Brandon community center is a waste of tax dollars

Controversy surrounds Brandon’s The Regent community center only five months after its doors opened.

The issue at hand surrounds the lack of emphasis on the community aspect of this $7 million project, being paid for directly out of taxpayers’ pockets.

Contrasting the lack of community emphasis is The Regent’s extravagant and regal dcor, large ballrooms and other country club-like amenities. These amenities have brought into sufficient question how exactly this community center will benefit. the greater good of the Brandon community at taxpayers’ expense.

Now, state Rep. Rachel Burgin, R-Riverview, is probing for an apology – and rightly so.

When considering the community center, Burgin said to News Channel 8 that she envisioned “a place where the Boy Scouts or Girl Scouts can meet.”

Burgin’s vision is lost with The Regent’s high-end feel, which aims heavily toward lavish and expensive events.

The Florida Division of Emergency Management provided $2.5 million to ensure the community center was a suitable hurricane shelter. Other contributions include $1.4 million from the Federal Emergency Management Agency and $2.5 million derived directly from Hillsborough County Community Investment Tax.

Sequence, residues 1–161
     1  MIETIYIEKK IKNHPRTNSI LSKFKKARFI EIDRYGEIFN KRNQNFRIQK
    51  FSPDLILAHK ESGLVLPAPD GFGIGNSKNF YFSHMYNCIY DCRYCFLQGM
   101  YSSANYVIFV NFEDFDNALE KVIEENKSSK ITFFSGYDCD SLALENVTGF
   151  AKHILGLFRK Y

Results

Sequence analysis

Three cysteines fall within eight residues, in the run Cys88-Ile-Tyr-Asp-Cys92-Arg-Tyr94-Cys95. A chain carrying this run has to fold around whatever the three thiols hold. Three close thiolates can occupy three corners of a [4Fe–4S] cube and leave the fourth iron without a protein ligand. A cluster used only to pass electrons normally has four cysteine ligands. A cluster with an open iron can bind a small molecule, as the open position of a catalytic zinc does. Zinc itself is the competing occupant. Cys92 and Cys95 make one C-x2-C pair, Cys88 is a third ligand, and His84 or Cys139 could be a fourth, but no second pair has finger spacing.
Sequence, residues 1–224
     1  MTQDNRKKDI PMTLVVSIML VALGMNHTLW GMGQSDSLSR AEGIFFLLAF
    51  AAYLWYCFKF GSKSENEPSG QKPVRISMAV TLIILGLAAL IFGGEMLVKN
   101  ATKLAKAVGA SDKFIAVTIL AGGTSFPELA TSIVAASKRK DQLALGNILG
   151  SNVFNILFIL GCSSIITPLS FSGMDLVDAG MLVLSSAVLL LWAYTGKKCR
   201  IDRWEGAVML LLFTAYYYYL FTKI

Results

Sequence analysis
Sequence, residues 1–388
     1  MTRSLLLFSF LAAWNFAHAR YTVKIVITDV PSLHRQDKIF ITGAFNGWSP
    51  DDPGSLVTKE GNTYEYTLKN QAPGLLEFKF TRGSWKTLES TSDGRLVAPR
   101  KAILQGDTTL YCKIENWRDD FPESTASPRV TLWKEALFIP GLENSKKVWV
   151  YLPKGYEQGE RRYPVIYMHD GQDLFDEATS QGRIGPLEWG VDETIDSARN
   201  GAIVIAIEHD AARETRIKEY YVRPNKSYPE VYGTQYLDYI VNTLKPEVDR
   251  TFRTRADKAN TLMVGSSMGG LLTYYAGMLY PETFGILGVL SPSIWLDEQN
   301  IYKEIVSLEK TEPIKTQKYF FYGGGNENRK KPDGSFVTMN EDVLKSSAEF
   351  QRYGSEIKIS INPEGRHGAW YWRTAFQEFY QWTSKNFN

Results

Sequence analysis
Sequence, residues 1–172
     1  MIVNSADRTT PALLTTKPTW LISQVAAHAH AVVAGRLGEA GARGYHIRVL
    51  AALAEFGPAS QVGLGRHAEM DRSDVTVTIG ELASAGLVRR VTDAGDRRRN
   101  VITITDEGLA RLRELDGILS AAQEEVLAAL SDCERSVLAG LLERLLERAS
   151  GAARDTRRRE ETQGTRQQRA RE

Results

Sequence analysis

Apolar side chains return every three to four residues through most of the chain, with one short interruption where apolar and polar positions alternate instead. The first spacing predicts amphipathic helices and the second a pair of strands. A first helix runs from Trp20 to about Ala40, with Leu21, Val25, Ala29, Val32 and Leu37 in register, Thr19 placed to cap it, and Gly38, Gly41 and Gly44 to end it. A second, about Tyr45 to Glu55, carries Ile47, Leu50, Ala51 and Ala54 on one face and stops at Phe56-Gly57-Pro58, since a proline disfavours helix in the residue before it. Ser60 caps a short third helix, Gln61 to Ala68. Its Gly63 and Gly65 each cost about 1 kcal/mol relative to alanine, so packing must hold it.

It’s hard to see how taxpayers’ visions of a community center would coincide with the reality of The Regency, which prides itself on being a posh venue for events.

According to News Channel 8, the center has yet to provide or promote community programs or its dual use as a hurricane shelter.

However, The Regent hasn’t hesitated to promote its lavish ballrooms, available to rent out for regal occasions such as weddings, galas, Sweet 16 parties and bar and bat mitzvahs, according to The Regent’s website.

The website further describes The Regent as “one of the most beautiful venues in Florida.” It may be beautiful, but when considering the center should benefit community, it’s hard to see why marble flooring and chandeliers should be top priorities.

According to Bloomingdale Patch, a local news site, rent prices in the thousands have driven nonprofit organizations away from holding events in the center, leaving private events, parties and weddings to occupy much of The Regent’s time and space.

The Regent’s board has even closed its meetings, no longer allowing public attendance and further dwindling community accessibility and emphasis.

The Bloomingdale Patch also reported that after much criticism, The Regent altered its mission statement to add a community emphasis, stating it “will meet the needs of the Greater Brandon community.”

Merely placing a few clauses in a mission statement will not be enough for the community to be brought back into this project, which seems to have lost sight of its initial mission. The taxpayer funds must be taken into consideration when executing a project whose emphasis must be community.

Tara Petzoldt is a junior majoring in political science.

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